Taco Cowboy points out a new study that shows it is possible to figure out the IP address of someone who pays for transactions anonymously online using bitcoins. "The Bitcoin system is not managed by a central authority, but relies on a peer-to-peer network on the Internet. Anyone can join the network as a user or provide computing capacity to process the transactions. In the network, the user's identity is hidden behind a cryptographic pseudonym, which can be changed as often as is wanted. Transactions are signed with this pseudonym and broadcast to the public network to verify their authenticity and attribute the Bitcoins to the new owner. In their new study, researchers at the Laboratory of Algorithmics, Cryptology and Security of the University of Luxembourg have shown that Bitcoin does not protect user's IP address and that it can be linked to the user's transactions in real-time. To find this out, a hacker would need only a few computers and about €1500 per month for server and traffic costs. Moreover, the popular anonymization network "Tor" can do little to guarantee Bitcoin user's anonymity, since it can be blocked easily."
Blackberry

BlackBerry Will Buy Your iPhone For $550 100

Posted by samzenpus
from the please-buy-our-phone dept.
mpicpp points out that BlackBerry is hoping to get iPhone owners to switch to Passport smartphones by promising up to $550 to trade in their phones. "The promotion, which starts Monday, promises as much as $550 to iPhone owners who trade in their handsets in favor of BlackBerry's Passport. The actual trade-in value depends on the iPhone, with the iPhone 4S worth up to $90 and the iPhone 6 worth up to $400. (The iPhone 6 Plus is not eligible.) BlackBerry then sweetens the deal by kicking in an additional $150 as a topper for each iPhone. The deal will run through February 13, but it's good only in North America. Customers must buy the $599 to $699 unlocked Passport phone through either BlackBerry's website or Amazon. The trade-in amount comes in the form of a Visa prepaid card."
Power

Jackie Chan Discs Help Boost Solar Panel Efficiency 157

Posted by samzenpus
from the super-solar-cop dept.
wbr1 writes Apparently the pit pattern on a blu-ray disk is great at helping trap photons, rather than reflecting them. Applying this pattern to the glass in a solar panel can boost efficiency by 22%. Researchers at Northwestern tested this system with Jackie Chan discs. From the article: "To increase the efficiency of a solar panel by 22%, the researchers at Northwestern bought a copy of Police Story 3: Supercop on Blu-ray; removed the top plastic layer, exposing the recording medium beneath; cast a mold of the quasi-random pattern; and then used the mold to create a photovoltaic cell with the same pattern....The end result is a solar panel that has a quantum efficiency of around 40% — up about 22% from the non-patterned solar panel."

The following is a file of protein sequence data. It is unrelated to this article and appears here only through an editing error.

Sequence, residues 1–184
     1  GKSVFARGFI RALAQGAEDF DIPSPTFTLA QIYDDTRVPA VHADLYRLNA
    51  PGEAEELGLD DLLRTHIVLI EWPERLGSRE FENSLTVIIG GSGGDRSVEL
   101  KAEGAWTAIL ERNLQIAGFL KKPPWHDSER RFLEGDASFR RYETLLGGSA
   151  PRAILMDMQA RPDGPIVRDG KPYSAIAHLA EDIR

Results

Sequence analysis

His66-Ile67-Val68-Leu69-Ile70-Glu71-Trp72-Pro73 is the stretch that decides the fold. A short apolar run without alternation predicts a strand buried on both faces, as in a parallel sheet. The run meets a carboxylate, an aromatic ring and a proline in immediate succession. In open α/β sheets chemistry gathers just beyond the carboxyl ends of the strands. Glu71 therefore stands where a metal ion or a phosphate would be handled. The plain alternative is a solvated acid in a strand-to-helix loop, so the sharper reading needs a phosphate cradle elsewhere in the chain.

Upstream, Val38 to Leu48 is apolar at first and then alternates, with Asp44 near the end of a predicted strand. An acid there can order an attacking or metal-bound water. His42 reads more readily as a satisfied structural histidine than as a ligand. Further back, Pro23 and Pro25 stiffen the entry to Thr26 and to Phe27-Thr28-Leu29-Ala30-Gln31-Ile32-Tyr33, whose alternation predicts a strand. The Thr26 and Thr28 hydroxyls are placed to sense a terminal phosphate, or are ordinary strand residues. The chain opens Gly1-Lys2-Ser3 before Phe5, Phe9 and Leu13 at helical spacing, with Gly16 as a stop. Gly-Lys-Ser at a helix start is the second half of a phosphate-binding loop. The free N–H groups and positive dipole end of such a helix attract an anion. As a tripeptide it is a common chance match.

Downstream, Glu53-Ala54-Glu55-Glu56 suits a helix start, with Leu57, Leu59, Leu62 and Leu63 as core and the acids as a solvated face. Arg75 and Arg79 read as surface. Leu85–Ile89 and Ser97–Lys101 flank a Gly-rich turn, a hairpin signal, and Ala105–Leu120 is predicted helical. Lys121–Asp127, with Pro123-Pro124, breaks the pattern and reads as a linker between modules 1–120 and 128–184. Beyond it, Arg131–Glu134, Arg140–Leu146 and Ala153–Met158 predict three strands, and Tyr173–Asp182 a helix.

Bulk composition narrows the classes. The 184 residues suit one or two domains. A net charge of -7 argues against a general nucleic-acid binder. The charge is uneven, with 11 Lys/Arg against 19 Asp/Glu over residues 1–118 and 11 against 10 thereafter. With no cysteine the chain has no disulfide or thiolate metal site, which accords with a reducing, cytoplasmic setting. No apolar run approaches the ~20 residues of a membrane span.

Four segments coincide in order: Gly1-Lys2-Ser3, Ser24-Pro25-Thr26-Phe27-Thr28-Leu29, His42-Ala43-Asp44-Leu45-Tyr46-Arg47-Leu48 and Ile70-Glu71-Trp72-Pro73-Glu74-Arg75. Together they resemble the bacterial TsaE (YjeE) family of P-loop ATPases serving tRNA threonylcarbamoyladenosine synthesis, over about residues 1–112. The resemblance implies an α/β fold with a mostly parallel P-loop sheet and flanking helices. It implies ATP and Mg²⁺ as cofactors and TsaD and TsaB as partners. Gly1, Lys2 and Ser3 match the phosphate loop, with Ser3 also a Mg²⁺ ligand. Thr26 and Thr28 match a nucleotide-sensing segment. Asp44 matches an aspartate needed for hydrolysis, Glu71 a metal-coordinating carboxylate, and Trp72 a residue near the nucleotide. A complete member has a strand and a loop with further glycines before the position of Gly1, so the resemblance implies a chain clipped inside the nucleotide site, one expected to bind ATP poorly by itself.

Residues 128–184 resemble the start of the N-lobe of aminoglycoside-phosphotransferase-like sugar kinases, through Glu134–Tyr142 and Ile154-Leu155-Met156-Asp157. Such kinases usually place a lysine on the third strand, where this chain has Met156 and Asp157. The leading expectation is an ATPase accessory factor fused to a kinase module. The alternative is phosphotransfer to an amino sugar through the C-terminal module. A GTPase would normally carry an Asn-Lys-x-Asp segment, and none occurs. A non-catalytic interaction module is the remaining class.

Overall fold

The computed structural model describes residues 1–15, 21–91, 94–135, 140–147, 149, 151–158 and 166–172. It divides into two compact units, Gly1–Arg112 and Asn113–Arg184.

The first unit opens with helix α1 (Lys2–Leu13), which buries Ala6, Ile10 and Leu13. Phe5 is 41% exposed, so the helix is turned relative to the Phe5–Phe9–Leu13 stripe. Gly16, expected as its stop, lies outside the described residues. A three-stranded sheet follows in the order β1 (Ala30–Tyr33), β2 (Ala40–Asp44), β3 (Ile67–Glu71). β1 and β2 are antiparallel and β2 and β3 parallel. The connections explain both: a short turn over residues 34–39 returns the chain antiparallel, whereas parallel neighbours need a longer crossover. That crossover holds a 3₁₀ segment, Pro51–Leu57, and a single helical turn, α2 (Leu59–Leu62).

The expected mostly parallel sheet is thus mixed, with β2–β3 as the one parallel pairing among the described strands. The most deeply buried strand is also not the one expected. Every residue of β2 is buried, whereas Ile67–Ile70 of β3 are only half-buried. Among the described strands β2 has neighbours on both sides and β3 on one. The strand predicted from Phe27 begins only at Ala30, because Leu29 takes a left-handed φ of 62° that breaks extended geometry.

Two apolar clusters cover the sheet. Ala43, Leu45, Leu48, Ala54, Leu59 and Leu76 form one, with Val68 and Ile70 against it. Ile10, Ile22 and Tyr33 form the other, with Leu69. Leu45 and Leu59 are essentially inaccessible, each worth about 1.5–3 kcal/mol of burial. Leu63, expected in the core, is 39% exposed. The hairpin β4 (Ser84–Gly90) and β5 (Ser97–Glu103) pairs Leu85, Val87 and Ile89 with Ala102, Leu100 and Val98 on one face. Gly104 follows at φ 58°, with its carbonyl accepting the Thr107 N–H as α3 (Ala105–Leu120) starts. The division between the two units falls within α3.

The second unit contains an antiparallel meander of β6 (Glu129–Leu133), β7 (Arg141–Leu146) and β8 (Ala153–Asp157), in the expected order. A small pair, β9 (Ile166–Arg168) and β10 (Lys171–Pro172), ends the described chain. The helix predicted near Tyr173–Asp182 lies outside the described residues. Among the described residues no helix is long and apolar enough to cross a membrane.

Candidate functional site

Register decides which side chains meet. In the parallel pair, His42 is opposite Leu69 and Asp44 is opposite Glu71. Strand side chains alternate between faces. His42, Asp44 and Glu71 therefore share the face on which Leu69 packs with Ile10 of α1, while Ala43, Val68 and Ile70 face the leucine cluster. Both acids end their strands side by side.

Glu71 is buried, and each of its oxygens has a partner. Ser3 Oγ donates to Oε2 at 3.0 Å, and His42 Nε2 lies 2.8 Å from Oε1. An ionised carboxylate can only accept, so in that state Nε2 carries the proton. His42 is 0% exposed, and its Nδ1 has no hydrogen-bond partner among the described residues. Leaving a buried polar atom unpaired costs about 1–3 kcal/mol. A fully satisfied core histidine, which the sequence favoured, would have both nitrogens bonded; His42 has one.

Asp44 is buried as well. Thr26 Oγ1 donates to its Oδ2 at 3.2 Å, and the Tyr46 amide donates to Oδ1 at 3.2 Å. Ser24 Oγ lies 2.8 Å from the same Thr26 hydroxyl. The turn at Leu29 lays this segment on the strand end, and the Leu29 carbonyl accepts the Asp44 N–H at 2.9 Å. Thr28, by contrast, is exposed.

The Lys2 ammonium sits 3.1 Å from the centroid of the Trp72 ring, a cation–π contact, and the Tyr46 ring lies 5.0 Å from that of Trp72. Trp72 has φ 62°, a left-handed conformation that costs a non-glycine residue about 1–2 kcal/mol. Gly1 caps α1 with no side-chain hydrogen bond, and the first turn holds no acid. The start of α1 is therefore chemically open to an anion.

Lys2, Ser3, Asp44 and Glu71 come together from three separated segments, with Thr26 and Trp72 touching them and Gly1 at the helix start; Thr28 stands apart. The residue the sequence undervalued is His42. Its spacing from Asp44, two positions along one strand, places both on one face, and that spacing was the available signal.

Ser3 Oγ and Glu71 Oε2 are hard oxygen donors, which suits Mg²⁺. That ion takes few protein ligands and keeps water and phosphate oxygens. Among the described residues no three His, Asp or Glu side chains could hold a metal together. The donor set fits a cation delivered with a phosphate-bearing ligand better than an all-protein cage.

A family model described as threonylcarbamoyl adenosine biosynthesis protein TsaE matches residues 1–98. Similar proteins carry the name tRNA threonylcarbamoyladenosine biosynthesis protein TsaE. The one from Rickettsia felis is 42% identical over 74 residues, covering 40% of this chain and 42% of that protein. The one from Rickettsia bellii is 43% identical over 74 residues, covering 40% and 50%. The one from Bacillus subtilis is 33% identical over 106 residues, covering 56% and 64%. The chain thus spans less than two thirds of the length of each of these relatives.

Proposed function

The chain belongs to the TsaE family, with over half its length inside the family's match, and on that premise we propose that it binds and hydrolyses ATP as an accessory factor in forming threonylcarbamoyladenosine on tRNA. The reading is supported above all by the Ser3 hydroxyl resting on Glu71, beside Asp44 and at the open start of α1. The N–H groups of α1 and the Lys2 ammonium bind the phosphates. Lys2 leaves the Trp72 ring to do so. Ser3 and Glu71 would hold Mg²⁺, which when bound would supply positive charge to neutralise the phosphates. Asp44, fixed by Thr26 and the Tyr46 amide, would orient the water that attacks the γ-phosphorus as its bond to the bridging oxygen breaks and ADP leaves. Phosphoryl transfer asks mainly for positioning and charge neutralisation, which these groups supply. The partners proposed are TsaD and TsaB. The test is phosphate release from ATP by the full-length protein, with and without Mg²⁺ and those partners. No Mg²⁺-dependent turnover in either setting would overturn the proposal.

Build

Fly With the Brooklyn Aerodrome (Video) 18

Posted by Roblimo
from the it's-not-a-drone-it's-just-a-model-plane dept.
A bit of housing insulation material, a battery, a motor and propellor, a radio receiver and transmitter, and servos to control the motor and a pair of ailerons, and you're ready to fly the Brooklyn Aerodrome way. This isn't a tiny radio-controlled paper airplane, but a big bruiser with a 1:1 power to weight ratio (which means it can climb like a bat out of hell) and enough guts to fly in reasonably windy conditions while carrying a camera -- except we'd better not mention cameras, since Brooklyn Aerodrome creations, whether kits or plans, are obviously intended tohelp you build model airplanes, not drones. Timothy ran into project proponent Breck Baldwin at a maker faire near Atlanta, surrounded by a squadron of junior pilots who may someday become astronauts on the Moon - Mars run -- or at least delivery drone controllers for Amazon. (Alternate Video Link)
BSD

DragonFly BSD 4.0 Released 61

Posted by samzenpus
from the check-it-out dept.
An anonymous reader writes From the release page: Version 4 of DragonFly brings Haswell graphics support, 3D acceleration, and improved performance in extremely high-traffic networks. DragonFly now supports up to 256 CPUs, Haswell graphics (i915), concurrent pf operation, and a variety of other devices.
The Almighty Buck

Was Microsoft Forced To Pay $136M In Back Taxes In China? 52

Posted by samzenpus
from the pay-up dept.
itwbennett writes China's state-controlled Xinhua News Agency said on Sunday that an unnamed international company was forced to pay 840 million yuan ($136 million) in back taxes, as part of a Chinese government crackdown on tax evasion. The Xinhua article simply referred to it as the "M company," describing it as a top 500 global firm headquartered in the U.S. that in 1995 set up a wholly owned foreign subsidiary in Beijing. The details match Microsoft's own background, and no other company obviously fits the bill. Xinhua added, that despite the company's strengths, its subsidiary in China had not been not making a profit, and posted a loss of over $2 billion during a six-year period.
Privacy

Clarificiation on the IP Address Security in Dropbox Case 144

Posted by samzenpus
from the read-all-about-it dept.
Bennett Haselton writes A judge rules that a county has to turn over the IP addresses that were used to access a county mayor's Dropbox account, stating that there is no valid security-related reason why the IP addresses should be exempt from a public records request. I think the judge's conclusion about IP addresses was right, but the reasoning was flawed; here is a technically more correct argument that would have led to the same answer. Keep Reading to see what Bennett has to say about the case.
Power

WaveNET – the Floating, Flexible Wave Energy Generator 75

Posted by Soulskill
from the making-bernoulli-work-for-us dept.
Zothecula writes: Scotland's Albatern is putting a new, modular spin on renewable energy generation. WaveNET is a scalable array of floating "Squid" generator units that harvest wave energy as their buoyant arms rise and fall with the motion of the waves. Each Squid can link up to as many as three others, effectively creating a large, floating grid that's flexible in every direction. The bigger this grid gets, the more efficient it becomes at harvesting energy, and the more different wave movements it can extract energy from. Albatern's 10-year target is to have 1.25 kilometer-long floating energy farms pumping out as much as 100 megawatts by 2024.